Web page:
Rising interest rates could mean shorter 0% APR promotion periods.
In the past, credit cards offering 0 interest on balance transfers have been a good way to consolidate debt. Zero percent APR periods meant card users could consolidate existing debt and pay it off quickly interest-free. However, credit experts believe that the heyday of balance transfers could be coming to an end. Market conditions are changing, which could lead credit issuers to change balance transfer credit cards, too.
What is a balance transfer credit card and why is it beneficial?
Balance transfer cards offer 0% APR periods on balance transfers when you first open the account. You transfer balances from your existing accounts to the new card for a small fee; fees typically range from $3 to 3% of the balance transferred. During the introductory promotional period, no interest charges apply. That means that 100% of every payment you make goes to eliminating principal (the actual debt you owe).
This has made balance transfer credit cards a good way to consolidate debt for borrowers with good credit scores. Credit cards offering 0 interest on balance transfers usually have promotion periods that range from 6 to 21 months. If you owe less than $10,000, this is often the most effective way to get out of debt because it eliminates interest charges completely.
Let’s say, for instance, you owe $10,000 and have an excellent credit score. You qualify for a card that offers 0% APR for 21 months. Even if the card applied a 3% balance transfer fee, you could still be debt-free before the promotion period ends with payments less than $500.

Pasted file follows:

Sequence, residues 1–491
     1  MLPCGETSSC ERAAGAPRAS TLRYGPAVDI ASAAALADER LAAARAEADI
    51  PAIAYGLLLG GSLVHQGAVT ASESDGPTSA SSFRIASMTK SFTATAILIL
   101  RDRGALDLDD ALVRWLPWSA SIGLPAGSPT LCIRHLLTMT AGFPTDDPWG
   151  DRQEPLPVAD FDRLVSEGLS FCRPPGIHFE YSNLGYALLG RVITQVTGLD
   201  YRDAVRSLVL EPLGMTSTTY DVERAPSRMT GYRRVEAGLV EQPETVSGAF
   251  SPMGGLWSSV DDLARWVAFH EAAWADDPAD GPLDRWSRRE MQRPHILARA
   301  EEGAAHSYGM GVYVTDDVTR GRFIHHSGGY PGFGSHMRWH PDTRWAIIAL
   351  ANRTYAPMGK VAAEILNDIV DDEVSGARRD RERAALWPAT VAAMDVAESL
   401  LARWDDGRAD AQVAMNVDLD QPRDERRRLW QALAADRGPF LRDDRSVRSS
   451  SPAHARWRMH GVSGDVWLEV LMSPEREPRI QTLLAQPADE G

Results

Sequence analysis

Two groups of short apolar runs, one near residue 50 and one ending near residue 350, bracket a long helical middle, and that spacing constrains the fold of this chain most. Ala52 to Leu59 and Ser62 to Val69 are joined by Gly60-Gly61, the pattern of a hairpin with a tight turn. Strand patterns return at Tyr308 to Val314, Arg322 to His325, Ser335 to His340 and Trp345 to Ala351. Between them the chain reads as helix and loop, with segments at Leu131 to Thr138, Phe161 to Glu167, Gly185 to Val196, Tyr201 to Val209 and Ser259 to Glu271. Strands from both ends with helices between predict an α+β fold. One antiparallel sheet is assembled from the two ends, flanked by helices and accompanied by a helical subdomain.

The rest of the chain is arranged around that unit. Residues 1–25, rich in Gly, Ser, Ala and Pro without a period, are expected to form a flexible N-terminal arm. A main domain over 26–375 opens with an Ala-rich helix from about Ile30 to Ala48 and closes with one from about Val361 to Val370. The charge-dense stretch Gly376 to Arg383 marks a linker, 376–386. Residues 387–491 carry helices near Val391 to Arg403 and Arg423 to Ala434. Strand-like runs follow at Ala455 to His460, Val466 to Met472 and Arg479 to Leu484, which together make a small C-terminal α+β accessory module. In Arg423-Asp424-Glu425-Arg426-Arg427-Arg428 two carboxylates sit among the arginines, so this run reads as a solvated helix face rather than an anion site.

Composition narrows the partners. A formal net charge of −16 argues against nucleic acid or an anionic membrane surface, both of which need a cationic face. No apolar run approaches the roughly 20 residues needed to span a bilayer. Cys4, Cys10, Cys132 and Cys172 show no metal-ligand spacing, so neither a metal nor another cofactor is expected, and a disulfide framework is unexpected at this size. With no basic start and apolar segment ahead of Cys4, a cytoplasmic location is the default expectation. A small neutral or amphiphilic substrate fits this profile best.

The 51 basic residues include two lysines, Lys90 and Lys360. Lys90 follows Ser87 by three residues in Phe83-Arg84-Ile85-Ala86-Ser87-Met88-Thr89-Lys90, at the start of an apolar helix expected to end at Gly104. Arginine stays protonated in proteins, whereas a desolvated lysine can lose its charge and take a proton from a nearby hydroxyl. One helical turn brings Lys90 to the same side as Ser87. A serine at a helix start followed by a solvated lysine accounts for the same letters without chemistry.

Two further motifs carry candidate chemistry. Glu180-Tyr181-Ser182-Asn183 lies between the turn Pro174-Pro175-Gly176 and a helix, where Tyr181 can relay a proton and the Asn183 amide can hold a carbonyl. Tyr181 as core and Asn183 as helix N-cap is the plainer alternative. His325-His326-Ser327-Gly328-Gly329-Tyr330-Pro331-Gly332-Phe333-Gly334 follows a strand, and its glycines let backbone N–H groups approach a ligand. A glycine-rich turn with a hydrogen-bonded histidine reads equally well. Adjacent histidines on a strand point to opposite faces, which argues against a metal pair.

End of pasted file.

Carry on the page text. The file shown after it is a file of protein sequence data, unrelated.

What’s changing and how does it impact balance transfers?
A new report in CNN Money released last week warns that credit issuers may tighten up restrictions and terms on these cards. Robert Harrow, a credit card analyst from Value Penguin says, “Several forces are coming together to make the terms of balance transfer cards less favorable for consumers.”
Basically, rising interest rates from the Federal Reserve will decrease the profitability of balance transfers for financial institutions. Higher rates make it less beneficial for banks to let customers open balance transfer accounts that they may never use again once they pay off their transferred balance.
“These will lead to shorter 0% periods on balance transfer cards, less breathing room, giving people less time to pay off their debt,” Harrow explains.
So, even with excellent credit, you may not find cards with 0% APR promotion of 18-21 months. Instead, most interest-free periods will be less than a year. That gives you less time to pay off your debt. For example, let’s say you have that same $10,000 debt to repay. If you only have 12 months to pay it instead of 21, the monthly payments would be almost $850.
Finding the right way to consolidate
Debt consolidation can be extremely beneficial as you work to get out of credit card debt. But it’s only beneficial at the right terms.
“You need the right interest rate over the right period of time to make debt repayment faster and more affordable,” explains Gary Herman, President of Consolidated Credit. “Otherwise, you’re basically just spinning your wheels. You won’t get where you want to be quickly.
Herman warns that rising interest rates will also affect other do-it-yourself consolidation options, too. For example, rising rates on debt consolidation loans drive the monthly payments higher and increase total cost.
“Debt consolidation loans are only beneficial if the rate is low enough,” Herman warns. “As rates increase, these do-it-yourself options simply won’t be as beneficial as they were in years past. People who need to consolidate may increasingly need professional help to reduce or eliminate interest charges.”
Solutions like a debt management program allow consumers to consolidate debt, even with bad credit. Credit counselors negotiate interest rates with your creditors on your behalf. As a result, you can get low interest rates even when interest rates from the Federal Reserve are high.